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Categorized | California, General

Two Days That Changed Napa Valley


Two Days That Changed Napa Valley

An auction and an inferno put wine country in the media limelight
James Laube
Posted: June 3, 2005

First came the fireworks. Then the fire.

Twenty-four years ago this month, two days shook up Napa Valley like never before.

The first occasion was the inaugural Napa Valley Wine Auction, held Sunday, June 21, 1981. This marathon 590-lot extravaganza at the Meadowood Resort lasted nearly seven hours and saw several records for the sale of California wine shattered in sweltering 107 degree weather. It exceeded everyone’s expectations. This Saturday will see the 25th edition of the event, now renamed Auction Napa Valley.

As dramatic as the Napa auction was in the eyes of the wine world that Sunday, the ensuing day, June 22, eclipsed it for Napa residents.

An arsonist set a series of fires along the eastern boundary of the valley floor, and they quickly erupted into a blazing inferno that scorched hundreds of homes and more than 25,000 acres. At the time, the fire burned nearly as much land as the valley had in grapevines.

Both happenings attracted international attention, putting Napa Valley on the front pages of hundreds of newspapers worldwide and in the lead spot on many TV newscasts.

The auction, a charity affair that benefited local health organizations, was filled with dozens of exciting moments. The final tally, announced to cheers by auctioneer Michael Broadbent, amounted to $324,000—impressive at the time, but a figure that many individual lots have eclipsed in recent years at the auction.

While many records fell that day, the showstopper was the first sale of Opus One. The then-new venture between Napa vintner Robert Mondavi and Baron Philippe de Rothschild of Bordeaux’s Château Mouton-Rothschild had been anticipated to be a favorite at the auction.

At the barrel tasting, held outside at Meadowood in simmering sunshine the day before, big spenders guessed that the lot—the first case of wine produced by the joint venture—might sell for between $10,000 and $12,000, $15,000 tops.

But as the bidding opened and Broadbent urged bidders on, it became apparent that auction fever had gripped many of the high rollers. The price rapidly escalated. Charles Mara, 33, a Syracuse, N.Y., wine consultant, claimed the prize for $24,000.

At $2,000 a bottle, the Opus One 1979—a wine no one outside the winemaking team had tasted and then known only as "Napamedoc"—became the most expensive California wine ever sold at auction. The previous record had been the sale of an 1891 Inglenook Zinfandel Napa Valley for $1,150.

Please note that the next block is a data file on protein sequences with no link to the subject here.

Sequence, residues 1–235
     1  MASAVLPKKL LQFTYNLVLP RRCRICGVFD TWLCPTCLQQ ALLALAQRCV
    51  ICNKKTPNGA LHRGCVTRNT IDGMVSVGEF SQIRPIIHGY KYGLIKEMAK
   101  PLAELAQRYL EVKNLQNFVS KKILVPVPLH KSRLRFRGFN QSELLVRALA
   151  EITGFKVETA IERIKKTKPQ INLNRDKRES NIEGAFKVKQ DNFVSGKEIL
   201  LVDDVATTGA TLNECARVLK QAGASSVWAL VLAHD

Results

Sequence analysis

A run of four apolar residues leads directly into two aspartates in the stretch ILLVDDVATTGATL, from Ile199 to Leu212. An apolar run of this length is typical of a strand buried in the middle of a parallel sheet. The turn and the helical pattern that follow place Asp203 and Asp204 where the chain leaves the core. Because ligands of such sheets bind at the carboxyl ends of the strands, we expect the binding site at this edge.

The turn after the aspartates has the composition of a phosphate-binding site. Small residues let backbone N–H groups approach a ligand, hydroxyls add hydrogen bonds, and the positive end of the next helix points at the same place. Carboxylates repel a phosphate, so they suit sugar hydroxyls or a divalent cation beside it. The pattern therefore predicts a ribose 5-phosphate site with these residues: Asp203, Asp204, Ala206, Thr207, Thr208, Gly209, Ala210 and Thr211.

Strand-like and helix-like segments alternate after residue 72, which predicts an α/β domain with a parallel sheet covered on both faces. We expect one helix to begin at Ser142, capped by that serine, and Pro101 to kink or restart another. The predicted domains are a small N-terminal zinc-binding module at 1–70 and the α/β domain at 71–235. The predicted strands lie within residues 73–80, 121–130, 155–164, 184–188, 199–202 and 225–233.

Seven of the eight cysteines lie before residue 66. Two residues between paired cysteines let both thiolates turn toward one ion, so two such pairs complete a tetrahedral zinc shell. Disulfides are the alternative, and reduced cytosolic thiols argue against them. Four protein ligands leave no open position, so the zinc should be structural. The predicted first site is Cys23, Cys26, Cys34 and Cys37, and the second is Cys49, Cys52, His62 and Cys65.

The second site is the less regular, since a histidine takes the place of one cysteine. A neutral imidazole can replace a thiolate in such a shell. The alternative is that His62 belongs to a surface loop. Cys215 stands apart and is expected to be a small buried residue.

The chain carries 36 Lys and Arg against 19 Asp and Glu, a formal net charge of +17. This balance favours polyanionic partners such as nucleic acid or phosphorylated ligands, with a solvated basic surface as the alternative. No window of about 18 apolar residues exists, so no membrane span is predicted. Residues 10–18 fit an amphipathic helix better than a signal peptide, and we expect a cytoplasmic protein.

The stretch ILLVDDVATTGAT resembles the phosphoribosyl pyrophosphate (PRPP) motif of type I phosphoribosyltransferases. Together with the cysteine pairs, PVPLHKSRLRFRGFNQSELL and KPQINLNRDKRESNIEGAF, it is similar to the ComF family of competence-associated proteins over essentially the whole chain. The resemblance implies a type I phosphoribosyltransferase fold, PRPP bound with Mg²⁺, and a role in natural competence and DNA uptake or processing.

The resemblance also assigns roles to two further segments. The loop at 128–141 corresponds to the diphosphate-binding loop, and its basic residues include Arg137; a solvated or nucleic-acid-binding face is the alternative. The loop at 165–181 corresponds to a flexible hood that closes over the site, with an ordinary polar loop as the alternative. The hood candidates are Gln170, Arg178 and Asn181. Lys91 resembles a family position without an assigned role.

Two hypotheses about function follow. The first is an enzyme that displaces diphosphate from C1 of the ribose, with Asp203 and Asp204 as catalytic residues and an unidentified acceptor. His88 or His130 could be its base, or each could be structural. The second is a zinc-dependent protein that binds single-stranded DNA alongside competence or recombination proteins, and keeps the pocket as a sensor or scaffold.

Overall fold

But the adrenaline rush that had gripped bidders quickly dropped, and the second case of the Mondavi-Rothschild Cabernet sold for $2,400.

As a toast to Mara, the Mondavis invited him and a handful of guests to the Mondavi winery in Oakville on June 22 for a vertical of Mondavi Reserve Cabernets.

As I had worked both weekend days as Napa bureau chief of the Vallejo Times-Herald and a correspondent for Wine Spectator, my editor at the Times-Herald told me to take Monday off, and I joined in the tasting.

At about 2 p.m. I stepped outside Mondavi and saw the first funnels of white smoke billowing into a brilliant blue sky somewhere near the Stags Leap District.

Several of those at the tasting joined me outside and commented on the obvious fire danger. The weather had stayed unseasonably hot—well into the 100s—and a dry, 25 mph wind swept through the valley, breathing life into what investigators later determined were four separate fires that the firebug had set. His timing could not have been more perfect—the hills were parched and the blaze raced through the underbrush and trees, leaping through narrow canyons and folds in the hills.

Leaving the winery, I drove back to my office in downtown Napa and called the story in to the city editor. By then, the fire had forced the evacuation of hundreds of homes from Stags Leap to the Silverado Country Club. We sent our team of reporters into the area as air tankers loaded with pink fire retardant made repeated dives over the raging inferno and homeowners stood atop their roofs with garden hoses, hoping to ward off the flames. We all came back to the office with pink-stained, sweat-soaked shirts and smoky black faces, as if we’d been in a combat zone.

By nightfall, the sky had blackened into a massive smoke mushroom, and by the next day an army of 800 firefighters had descended on Napa to battle the blaze. But because of the hot weather and dry winds, firefighters had little hope of stopping it. They hoped the winds would subside and then perhaps they would have a chance to contain the fire.

By Wednesday, as the winds died out, the blaze began to lose momentum. By Thursday, it had been contained. Miraculously, no one had been killed in the swift, raging fire, though scores lost their homes.

On Friday morning, I got my first call from London. A reporter at one of the major dailies was wondering how badly the vines had been damaged.

His query seemed absurd in light of the catastrophe. As far as I knew, no one was the least bit concerned about vine damage, but I repeated one observation I’d heard from a grower: Vineyards don’t typically burn easily.

In the days that followed, people joked about unusually smoky Fumé Blancs from the upcoming 1981 harvest. But for those who lived through the auction and fire, those two days remain fresh in mind.

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